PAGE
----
Flow Rate Calculator
To calculate flow rate, contractors must understand complicated math formulas. This flow rate calculator makes determining volumetric flow rate easy.
To calculate the flow rate of water inside a closed pipe, contractors such as plumbers, pipefitters, and irrigation specialists must understand complicated math formulas and know how to apply them on the job. ServiceTitan’s water flow rate calculator makes determining volumetric flow rate quick and easy.
The basic flow rate equation: A x v = Q.
A = cross-sectional area at a point in the flow’s path
v = velocity of the liquid at that point
Q = flow rate
What is Flow Rate?
To understand flow rate in simple terms, imagine measuring the amount of water flowing from a spigot into a 5-gallon bucket over a period of several minutes. Divide 5 by the number of minutes it took to fill the bucket, and you’ll know the flow rate of the water in gallons per minute.
The volume flow rate, also referred to as volumetric flow rate, measures the volume of a fluid that passes through a given cross-sectional area of a pipe over a specific unit of time. Pipe flow rate is usually represented by the letter Q in the flow rate equation.
While a liquid flow rate calculator measures the amount of fluid output in terms of volume, velocity in pipe refers to how fast the fluid is moving in distance per a specific unit of time.
How to Calculate Flow Rate
To calculate flow rate, you must first determine the area (A) through which the fluid flows and its velocity (v) or speed.
The area represents the cross-sectional space at a point in the flow’s path, or basically the inner diameter of the pipe.
Calculate the inner diameter of the pipe by measuring the distance from one inside edge, across the center, and to the opposite inside edge. Measure in inches or millimeters.
The velocity represents how fast the fluid moves from Point A to Point B inside the pipe within a specific period of time. Click here to learn more about how to calculate velocity, or reference this pipe velocity calculator tool.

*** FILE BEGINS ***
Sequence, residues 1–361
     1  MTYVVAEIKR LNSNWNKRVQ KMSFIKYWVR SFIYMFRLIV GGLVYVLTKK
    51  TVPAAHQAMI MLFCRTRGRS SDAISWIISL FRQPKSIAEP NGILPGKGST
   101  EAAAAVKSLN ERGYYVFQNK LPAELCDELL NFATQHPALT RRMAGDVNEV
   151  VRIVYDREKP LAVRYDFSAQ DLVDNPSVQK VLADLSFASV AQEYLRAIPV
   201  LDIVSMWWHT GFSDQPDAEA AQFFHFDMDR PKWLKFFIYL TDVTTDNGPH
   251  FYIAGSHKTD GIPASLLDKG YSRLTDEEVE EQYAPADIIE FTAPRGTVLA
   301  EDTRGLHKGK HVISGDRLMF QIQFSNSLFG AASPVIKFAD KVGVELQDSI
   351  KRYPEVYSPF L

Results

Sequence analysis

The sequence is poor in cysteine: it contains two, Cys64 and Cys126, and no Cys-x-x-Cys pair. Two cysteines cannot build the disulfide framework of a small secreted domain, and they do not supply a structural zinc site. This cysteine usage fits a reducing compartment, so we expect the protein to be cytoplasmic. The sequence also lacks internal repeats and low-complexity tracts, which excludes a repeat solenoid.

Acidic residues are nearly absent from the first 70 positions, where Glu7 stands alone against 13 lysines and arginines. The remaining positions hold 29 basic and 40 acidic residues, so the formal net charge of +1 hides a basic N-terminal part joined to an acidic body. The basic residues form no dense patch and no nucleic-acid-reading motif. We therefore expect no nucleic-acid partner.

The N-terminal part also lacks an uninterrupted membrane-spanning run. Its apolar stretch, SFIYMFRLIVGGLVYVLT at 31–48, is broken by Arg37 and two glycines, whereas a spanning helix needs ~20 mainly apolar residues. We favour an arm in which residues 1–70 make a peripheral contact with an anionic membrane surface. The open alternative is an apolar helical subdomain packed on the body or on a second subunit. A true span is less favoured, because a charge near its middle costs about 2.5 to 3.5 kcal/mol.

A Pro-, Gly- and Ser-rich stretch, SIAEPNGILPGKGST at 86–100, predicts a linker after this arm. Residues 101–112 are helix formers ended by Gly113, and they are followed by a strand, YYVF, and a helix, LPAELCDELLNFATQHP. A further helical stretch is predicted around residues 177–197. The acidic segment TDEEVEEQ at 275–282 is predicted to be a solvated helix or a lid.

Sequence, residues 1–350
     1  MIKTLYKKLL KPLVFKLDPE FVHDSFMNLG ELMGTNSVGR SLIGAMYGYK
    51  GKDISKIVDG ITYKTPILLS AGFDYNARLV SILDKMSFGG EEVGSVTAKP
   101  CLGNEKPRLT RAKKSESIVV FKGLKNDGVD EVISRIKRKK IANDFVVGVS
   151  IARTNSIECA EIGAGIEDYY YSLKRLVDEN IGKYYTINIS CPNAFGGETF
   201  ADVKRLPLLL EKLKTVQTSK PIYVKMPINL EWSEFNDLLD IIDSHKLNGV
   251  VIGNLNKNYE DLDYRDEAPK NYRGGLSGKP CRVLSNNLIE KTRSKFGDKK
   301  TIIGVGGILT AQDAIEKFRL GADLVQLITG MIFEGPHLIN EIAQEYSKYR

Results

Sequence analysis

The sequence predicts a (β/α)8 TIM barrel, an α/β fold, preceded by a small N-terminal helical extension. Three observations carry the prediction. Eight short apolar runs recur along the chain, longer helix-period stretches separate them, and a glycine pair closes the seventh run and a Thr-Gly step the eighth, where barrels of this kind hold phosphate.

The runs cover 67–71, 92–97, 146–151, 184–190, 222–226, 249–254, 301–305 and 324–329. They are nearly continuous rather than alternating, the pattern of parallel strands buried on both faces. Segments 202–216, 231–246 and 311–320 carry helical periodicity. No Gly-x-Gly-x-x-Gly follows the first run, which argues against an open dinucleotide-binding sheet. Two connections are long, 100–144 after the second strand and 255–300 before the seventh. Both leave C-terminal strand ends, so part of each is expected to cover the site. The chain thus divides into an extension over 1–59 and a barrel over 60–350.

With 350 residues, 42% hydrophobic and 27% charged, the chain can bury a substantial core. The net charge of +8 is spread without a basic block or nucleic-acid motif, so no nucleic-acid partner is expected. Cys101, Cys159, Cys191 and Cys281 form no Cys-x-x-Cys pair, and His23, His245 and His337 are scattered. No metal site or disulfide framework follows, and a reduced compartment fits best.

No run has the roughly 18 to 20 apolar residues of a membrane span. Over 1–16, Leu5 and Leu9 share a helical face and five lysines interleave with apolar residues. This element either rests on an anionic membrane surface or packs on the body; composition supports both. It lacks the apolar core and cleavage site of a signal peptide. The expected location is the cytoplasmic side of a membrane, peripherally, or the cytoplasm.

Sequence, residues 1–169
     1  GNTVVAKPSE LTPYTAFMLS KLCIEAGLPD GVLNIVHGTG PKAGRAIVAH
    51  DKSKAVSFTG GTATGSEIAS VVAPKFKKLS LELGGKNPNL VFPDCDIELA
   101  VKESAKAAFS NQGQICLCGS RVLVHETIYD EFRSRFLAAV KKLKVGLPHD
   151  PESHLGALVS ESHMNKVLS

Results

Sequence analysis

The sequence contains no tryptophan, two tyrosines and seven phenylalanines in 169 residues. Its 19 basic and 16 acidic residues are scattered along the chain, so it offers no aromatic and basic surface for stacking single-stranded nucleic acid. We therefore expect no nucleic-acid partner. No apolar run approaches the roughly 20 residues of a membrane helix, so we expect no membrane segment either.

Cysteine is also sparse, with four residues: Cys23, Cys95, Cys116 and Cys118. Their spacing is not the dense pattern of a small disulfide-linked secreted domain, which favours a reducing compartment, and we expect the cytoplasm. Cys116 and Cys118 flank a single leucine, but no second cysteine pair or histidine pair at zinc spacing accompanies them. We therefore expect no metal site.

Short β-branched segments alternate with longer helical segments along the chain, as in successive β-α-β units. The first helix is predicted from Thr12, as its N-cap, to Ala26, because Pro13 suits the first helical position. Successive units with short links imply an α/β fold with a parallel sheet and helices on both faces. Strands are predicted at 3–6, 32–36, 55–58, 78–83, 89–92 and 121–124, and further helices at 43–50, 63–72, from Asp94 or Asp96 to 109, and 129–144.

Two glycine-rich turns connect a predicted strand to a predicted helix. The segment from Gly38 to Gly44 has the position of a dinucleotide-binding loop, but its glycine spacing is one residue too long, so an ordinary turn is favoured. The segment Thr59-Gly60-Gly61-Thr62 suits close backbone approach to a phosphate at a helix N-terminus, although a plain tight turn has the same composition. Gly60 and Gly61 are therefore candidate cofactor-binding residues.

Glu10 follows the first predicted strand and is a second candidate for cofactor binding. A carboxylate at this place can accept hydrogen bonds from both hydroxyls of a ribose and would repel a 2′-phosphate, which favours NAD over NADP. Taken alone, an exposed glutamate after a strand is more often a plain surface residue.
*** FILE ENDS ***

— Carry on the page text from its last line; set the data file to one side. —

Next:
To clarify the difference between flow rate and velocity in pipe, consider a river’s flow rate. The greater the velocity of the water, the greater the flow rate of the river. But flow rate also depends on the size of the river. A bubbling creek carries far less water than the Mississippi River, for instance.
Flow Rate Formula and Example
Plumbers and other service contractors seek accurate measurements for water flow calculation when working on pipes for plumbing, HVAC, irrigation, and more.
Volume flow rate formula: A (area) x v (velocity) = Q (flow rate)
Here’s a specific example of how to apply the volumetric flow rate equation:
For an 8-inch pipe (diameter) with water flowing through it at an average velocity of 16 feet per second, we can determine flow rate by using the formula:
Area = pi x (diameter)²/ 4
pi = 3.1415926
Diameter squared = 8 inches out of 12 inches reduces to ⅔ or 0.6666667
*You convert inches to feet by dividing 8 by 12, since velocity was measured in feet per second.
0.6666667 squared = 0.444444488
0.444444488 multiplied by 3.1415926 (pi), then divided by 4 = 0.349 ft²
Now we know A = 0.349 ft²
Q = Area (A) x velocity (v)
Q = 0.349 ft² X 16 ft per second
Q = 5.584 ft³
Result: Water flows through the 8-inch pipe at a rate of 5.584 ft³ per second.
Bonus Tip: Measuring Pipe Diameter
If you’re unsure how to measure the inner diameter of a pipe, consider investing in a set of calipers that fit around the outside of the pipe. Use the calipers to measure the outside diameter directly instead of estimating inner diameter based on circumference.
Once you determine the outer diameter, refer to this common pipe dimensions table to clearly find the inner diameter of your pipe.
Flow Rate Equation Simplified
Determining a flow rate calculation simply means determining how fast the water moves through a pipe and how much space it occupies inside the pipe as it moves from one point to another. Use ServiceTitan’s Flow Rate Calculator to save time, reduce waste, and get an accurate measurement every time.
*The recommended values are in good faith and are solely meant for generic, informative purposes. We do not guarantee the accuracy of this information. Please note that other external factors may affect or falsify the recommendations. For accurate values, consult a licensed engineer.